How much Monero did I mine with Raspberry Pi? 

My Raspberry Pi 4 calculated 357 good shares in about 8 hours of run time. Miners are rewarded for good shares. Bad Shares are calculations where I came up with the right answer, but my Pi produced the results slower than another computer. Miners only get paid when they submit the correct answer first. Invalid shares are the worst as a miner is penalized for every invalid share due to possible fraudulent activity. I was a bit worried when my first 4 shares were marked as invalid shares. 

Raspberry Pi Bitcoin Mining

(Image credit: Tom's Hardware)

357 good shares = 0.000001410642 Monero = 0.00015569 USD

I made the equivalent of 1/100th of a penny in 8 hours.

In order to withdraw my Monero, I needed a minimum of 0.05 Monero, approximately equal to $5.811 USD. (Exchange rate at the time of the writing of this article.) At a pace of accumulating 0.000001410642 Monero per 8 hours, it would take me 3,762 years to reach the minimum withdrawal threshold of 0.05 Monero. 

Raspberry Pi Bitcoin Mining

(Image credit: Tom's Hardware)

Lessons Learned about Raspberry Pi Crypto mining

As stated at the beginning of this article, the purpose of this exercise was to learn about cryptocurrency and not to make a profit.

  • Cryptocurrency mining rewards are calculated by shares and hash rates. My hash rate varied from 1.6 H/s to 33.3 H/s. The average hash rate for the pool was 10.27 MH/s, approximately 3 million times my Pi’s hash rate. For reference, 1 MH/s is 1,000,000 hashes per second.
  • The mining pool company (in this case Minergate), also charges a small commission on your transactions. You have the choice of luck based commission (higher risk, higher reward), or Pay Per Share (higher commission for Minergate, but less risk).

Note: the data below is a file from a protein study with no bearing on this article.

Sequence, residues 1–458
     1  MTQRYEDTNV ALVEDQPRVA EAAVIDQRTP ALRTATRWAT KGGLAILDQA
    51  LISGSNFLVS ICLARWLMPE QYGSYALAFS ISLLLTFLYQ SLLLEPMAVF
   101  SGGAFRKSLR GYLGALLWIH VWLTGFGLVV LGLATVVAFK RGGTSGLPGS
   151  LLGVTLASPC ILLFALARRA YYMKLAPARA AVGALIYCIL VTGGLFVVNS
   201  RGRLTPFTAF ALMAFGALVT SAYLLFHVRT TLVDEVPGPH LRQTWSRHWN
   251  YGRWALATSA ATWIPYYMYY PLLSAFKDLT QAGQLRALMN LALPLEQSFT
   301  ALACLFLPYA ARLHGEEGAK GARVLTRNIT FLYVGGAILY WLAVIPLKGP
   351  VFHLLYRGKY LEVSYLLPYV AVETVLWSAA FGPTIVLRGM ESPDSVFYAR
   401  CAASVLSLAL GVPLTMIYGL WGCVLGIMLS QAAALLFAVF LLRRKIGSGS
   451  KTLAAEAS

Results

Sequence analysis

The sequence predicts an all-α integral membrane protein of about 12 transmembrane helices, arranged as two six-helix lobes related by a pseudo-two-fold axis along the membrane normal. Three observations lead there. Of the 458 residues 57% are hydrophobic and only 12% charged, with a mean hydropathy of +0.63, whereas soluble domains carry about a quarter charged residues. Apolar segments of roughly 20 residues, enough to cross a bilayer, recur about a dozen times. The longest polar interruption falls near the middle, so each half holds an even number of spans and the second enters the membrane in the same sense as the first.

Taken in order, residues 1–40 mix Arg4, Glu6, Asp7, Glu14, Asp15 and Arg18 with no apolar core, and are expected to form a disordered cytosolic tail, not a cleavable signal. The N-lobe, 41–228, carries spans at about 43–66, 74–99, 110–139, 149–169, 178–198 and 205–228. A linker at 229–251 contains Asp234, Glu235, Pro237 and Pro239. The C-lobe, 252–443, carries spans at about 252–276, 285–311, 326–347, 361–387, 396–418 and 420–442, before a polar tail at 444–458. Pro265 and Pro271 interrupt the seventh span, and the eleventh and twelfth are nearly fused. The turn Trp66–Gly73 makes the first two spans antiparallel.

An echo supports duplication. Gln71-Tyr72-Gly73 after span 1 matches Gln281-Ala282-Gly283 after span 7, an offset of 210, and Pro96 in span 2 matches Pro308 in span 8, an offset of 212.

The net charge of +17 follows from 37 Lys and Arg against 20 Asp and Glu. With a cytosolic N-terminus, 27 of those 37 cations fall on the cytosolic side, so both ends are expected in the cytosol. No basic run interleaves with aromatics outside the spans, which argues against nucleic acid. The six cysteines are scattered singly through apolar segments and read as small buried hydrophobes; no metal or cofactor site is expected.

• At various points during the writing of this article, my Pi had numerous ‘time out’ errors and ‘send_line failed.’ Sometimes a reboot of the Pi would help, and sometimes, the miner would eventually start working again without human intervention.

Raspberry Pi Bitcoin Mining

(Image credit: Tom's Hardware)
  • Endymio
    it would take me 3,762 years to reach the minimum withdrawal threshold
    So in 38 centuries, you'll gross $5. The net's far worse, because I don't see anything on the description of that solar panel that indicates it will supply the Pi off solar power. In fact, given the manufacturer's refusal to place a wattage or time-to-charge under solar on the product description, I'd call the solar feature just a gimmick -- it's a plug in battery with a lamp on it.
    Reply
  • Findecanor
    Crypto-"mining" is a type of Ponzi scheme. Don't do it!
    Reply
  • damiebius
    Is it possible to enable GPU hardware accelaration on RPI ?
    Reply
  • SurJector2
    You don't need to become root to download and compile cpuminer so
    sudo git clone https://github.com/carolinedunn/cpuminer-multishould be
    sudo git clone https://github.com/carolinedunn/cpuminer-multiand